The deal appears to be moving forward. The Times of India reported on March 7, 2017, that two Russian delegations have visited India to inspect Goa Shipyard and determine if it is capable of handling the frigate production.[vi] Goa Shipyard Ltd Chairman Shekhar Mital told The Times of India that the Russian delegations “checked our infrastructure and R&D facilities. They looked around the facility and our audits and they seem impressed.”
The Indian Ambassador to Russia, meanwhile, has pushed back on the reports that sanctions will prevent the frigate contract from being completed. In an interview with Russian state-owned media Sputnik, Ambassador Pankaj Saran said, “We will continue to implement all the agreements that we have signed with Russia,” including the frigate deal.[vii]
The local production aspect of the frigate agreement “is a very complex project which involves several vendors,” according to defense sources speaking to Sputnik.[viii] The news agency noted the project requires approval from the Indian Cabinet Committee on Security. While seemingly not blocking the agreement, the element of Western sanctions adds another wrinkle to an already complicated effort.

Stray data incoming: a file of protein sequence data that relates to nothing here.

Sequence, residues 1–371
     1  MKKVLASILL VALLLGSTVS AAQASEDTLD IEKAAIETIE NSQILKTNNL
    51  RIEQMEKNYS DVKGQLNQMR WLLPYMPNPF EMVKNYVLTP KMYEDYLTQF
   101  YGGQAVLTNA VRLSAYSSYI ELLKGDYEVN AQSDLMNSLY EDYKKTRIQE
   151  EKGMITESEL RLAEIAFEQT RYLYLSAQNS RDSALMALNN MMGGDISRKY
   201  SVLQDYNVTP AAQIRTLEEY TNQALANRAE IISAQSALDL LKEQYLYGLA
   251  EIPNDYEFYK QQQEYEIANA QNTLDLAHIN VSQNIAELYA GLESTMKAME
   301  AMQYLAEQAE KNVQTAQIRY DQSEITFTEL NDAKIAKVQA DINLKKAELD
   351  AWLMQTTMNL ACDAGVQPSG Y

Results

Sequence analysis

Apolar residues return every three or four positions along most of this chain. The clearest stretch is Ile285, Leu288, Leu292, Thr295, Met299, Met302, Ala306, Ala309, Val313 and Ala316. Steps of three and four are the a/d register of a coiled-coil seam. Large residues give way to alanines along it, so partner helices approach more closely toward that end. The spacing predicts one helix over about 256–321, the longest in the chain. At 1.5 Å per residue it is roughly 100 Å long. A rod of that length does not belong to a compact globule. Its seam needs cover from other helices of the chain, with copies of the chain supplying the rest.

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[i] Sam LaGrone, “Russian Navy Faces Surface Modernization Delays without Ukrainian Engines, Officials Pledge to Sue,” USNI News, June 10, 2015. http://news.usni.org/2015/06/10/russian-navy-faces-surface-modernization-delays-without-ukrainian-engines-officials-pledge-to-sue
[iii] RFERL, “Russia, India Sign Defense Deals Worth Billions,” October 15, 2016. http://www.rferl.org/a/putin-indias-modi-to-sign-new-defense-energy-deals-brics-summit-goa/28054436.html
[iv] Naval Today, “Ukraine Agrees to Provide Engines for Indian Frigates Built in Russia,” October 26, 2016. http://navaltoday.com/2016/10/26/ukraine-to-provide-engines-for-indian-frigates-built-in-russia/
[v] Manu Pubby, “India’s Plans to Buy Strategic Russian Weapons Are in Jeopardy. Here’s Why,” The Economic Times, March 2, 2017. http://economictimes.indiatimes.com/news/defence/indias-plans-to-buy-strategic-russian-weapons-are-in-jeopardy-heres-why/articleshow/57419668.cms
[vi] Newton Sequeira, “GSL Eyes Guided Missile Frigate Deal,” The Times of India, March 7, 2017. http://timesofindia.indiatimes.com/city/goa/gsl-eyes-guided-missile-frigate-deal/articleshow/57503484.cms
[vii] Sputnik International, “US Sanctions to Have No Effect on Russia-India Defense Deals – Indian Ambassador,” March 7, 2017. http://sputniknews.com/military/201703071051340619-us-india-russia-s400/
[viii] Sputnik International, “Commercial Negotiations Gather Speed for $4 Billion Indo-Russia Frigate Deal,” March 7, 2017, http://sputniknews.com/military/201703071051329544-krivak-frigate-deal-russia-india/